“The Standard of Living” by Dorothy Parker Essay
“The Standard of Living” by Dorothy Parker
What is Dorothy Parker suggesting to readers regarding the values, dreams, and aspirations in today’s materialistic society? The story “Standard of Living” makes some strong statements about the values of todays society. Annabel and Midge are obsessed with money. The girls spend countless hours fantasizing about being millionaires and trying to emulate those that are. Their love of money is not only fueled by the materialistic products they can buy with it, but by the envy they get from others that thing Annabel and Midge have money, and the power that comes with that envy.
The setting of Fifth Avenue in New York, NY, is a key element in the story. Fifth Avenue is not just lined with high priced stores, it’s world famous for shopping; A perfect setting for two chauvinistic characters such as Midge and Annabel. Not only is Fifth Avenue one of the most expensive places to shop, but it has glamor and fame attached to it. Its not just the best, it is the best of the best, which is of course what rich people expect. Despite having poverty ridden life, the girls put an astounding amount of emphasis on trying to look rich. They eat the food that a wealthy person would eat, but the cheap knock of version. With todays society valuing money above almost everything else, people who have it (or like to pretend they have it) will sometimes develop an inflated sense of entitlement.
The girls feel entitled to treat others as inferior people, whether they be walking with their noses in the air, or going through men faster than socks. The $250 000 emerald and pearl necklace is another key element. The necklace was glamorous. It was something that would definitely lead people to believe that they were better than them. When they entered the store to investigate, they were proud, arrogant, and discerning, just like ‘rich’ people are of course. When they found out the price of the necklace, they not only just about ‘lost their cool’ but even their imaginary selves would have felt inferior in that store. Their sense of pride was battered as they walked down the road, but they quickly regained it when the million dollar game turned into the ten million dollar game. They seemed just horrified at the fact that someone could actually have more money than they imagined themselves having. Having someone being better than even imaginary them would just never do.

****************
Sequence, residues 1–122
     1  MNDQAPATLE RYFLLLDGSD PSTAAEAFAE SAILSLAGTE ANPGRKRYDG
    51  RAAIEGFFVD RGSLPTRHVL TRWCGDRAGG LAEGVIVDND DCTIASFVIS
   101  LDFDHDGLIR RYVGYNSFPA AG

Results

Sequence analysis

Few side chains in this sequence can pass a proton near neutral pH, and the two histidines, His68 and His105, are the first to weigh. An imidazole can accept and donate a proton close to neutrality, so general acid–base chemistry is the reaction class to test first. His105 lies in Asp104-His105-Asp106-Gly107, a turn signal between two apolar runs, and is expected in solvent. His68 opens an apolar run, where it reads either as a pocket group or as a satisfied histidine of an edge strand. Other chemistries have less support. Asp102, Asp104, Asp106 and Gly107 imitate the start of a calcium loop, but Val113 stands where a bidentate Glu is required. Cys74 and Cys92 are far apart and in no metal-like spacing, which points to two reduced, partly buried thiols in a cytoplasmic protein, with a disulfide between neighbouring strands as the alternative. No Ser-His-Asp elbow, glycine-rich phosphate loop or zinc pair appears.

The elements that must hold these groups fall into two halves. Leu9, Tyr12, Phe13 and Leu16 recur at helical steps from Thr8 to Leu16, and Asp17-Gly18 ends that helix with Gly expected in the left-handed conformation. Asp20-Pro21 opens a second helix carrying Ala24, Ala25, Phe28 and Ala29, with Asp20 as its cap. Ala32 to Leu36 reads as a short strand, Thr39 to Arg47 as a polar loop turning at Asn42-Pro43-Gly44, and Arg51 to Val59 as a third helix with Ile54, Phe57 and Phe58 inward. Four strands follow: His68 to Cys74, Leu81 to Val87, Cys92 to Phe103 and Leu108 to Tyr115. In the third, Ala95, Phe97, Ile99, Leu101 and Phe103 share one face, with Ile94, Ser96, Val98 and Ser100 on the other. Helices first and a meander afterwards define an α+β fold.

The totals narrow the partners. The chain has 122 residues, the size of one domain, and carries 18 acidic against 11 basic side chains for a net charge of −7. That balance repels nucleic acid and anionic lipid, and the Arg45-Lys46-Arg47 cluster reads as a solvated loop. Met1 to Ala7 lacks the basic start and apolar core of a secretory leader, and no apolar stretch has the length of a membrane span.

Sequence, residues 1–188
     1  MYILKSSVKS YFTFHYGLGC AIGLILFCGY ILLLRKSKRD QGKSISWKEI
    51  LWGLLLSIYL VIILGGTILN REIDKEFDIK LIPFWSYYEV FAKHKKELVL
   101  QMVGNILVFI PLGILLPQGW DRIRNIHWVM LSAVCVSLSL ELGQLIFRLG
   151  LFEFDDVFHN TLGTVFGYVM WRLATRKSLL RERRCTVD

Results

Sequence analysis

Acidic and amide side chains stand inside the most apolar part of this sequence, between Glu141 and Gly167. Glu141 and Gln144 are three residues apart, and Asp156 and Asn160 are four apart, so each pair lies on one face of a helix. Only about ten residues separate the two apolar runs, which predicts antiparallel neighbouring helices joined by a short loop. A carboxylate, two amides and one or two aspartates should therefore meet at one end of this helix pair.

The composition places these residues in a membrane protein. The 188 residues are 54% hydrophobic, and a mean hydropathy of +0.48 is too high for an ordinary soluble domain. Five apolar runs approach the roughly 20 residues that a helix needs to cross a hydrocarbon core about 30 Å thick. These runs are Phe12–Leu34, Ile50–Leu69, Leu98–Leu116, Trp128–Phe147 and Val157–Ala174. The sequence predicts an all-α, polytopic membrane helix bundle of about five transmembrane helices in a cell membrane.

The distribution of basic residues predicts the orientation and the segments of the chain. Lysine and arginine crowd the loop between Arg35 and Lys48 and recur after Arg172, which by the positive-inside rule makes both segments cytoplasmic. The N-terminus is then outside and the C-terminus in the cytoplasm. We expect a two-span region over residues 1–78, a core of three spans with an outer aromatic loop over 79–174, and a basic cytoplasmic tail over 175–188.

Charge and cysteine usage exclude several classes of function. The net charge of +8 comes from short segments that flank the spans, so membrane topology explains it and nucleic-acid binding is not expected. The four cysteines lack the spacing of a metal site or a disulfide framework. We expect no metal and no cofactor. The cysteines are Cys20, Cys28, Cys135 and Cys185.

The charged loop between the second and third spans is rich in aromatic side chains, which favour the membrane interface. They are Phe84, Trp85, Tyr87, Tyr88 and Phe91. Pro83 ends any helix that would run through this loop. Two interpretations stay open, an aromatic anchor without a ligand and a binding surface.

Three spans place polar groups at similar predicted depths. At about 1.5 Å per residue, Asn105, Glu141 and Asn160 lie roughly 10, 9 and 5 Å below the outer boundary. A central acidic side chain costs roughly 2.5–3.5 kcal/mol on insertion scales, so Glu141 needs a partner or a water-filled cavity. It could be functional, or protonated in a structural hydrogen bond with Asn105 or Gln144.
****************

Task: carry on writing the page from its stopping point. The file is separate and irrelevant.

Annabel and Midge spent so much time in their fantasy world, that they didn’t know what to do with themselves even in a instant of being zapped back to reality. Society’s high value of money had distorted their ability to distinguish the difference between standard of living and quality of life. You would think that since both girls were from low to lower middle class families, they would better understand that money is not everything. However, no matter how much an individual does or does not value money, money equals power, and always will. People have subconscious drive to be more powerful than those around them and money allows them to do that.
Money allows people have whatever they want, whether it be a material item, or even a person. The tobacco industry is a great example. Tobacco products kill hundreds of thousands of people every year. Not only is it a repeat business to begin with, but the product itself is heavily addictive, so people give the company repeat business whether or not they really want to. The industry however maybe cares about the people they are killing on a personal level, but the money they make off of it is enough to counteract that guilt. I guess you could almost say they are selling their souls.
Our society revolves around money. Almost everyone will agree that the more money they have for their own personal use, the better. But unfortunately, because money is so highly valued, that not only is more money better, but more money makes the individual person better. The love of money is repeatedly responsible for a lot of negative things that have fallen on society, but without it, people would not have the resources to provide for themselves.
Even in the cave man days when there was no general form of tender, someone who could hunt buffalo, could not necessarily fish, and vise-versa. So the person that could fish and the person that could hunt buffalo would trade goods, so that everyone could have some of everything. However when the person that can hunt buffalo can also fish, but his neighbor can only fish, a problem arises. The poor neighbor is out of luck for buffalo products because he has nothing the neighbors wants to trade for buffalo. Hence the dawn of money.
The love of money changes people, and usually in a negative manner. Money can make people happy by means of immediate gratification. It is not only affluent people that define themselves by their materialistic wealth, but simply those with an ostentatious sense of entitlement. Our society needs money for everyone to live comfortably, but sometimes we may be better off without it.
Parker, Dorothy, “The Standard of Living”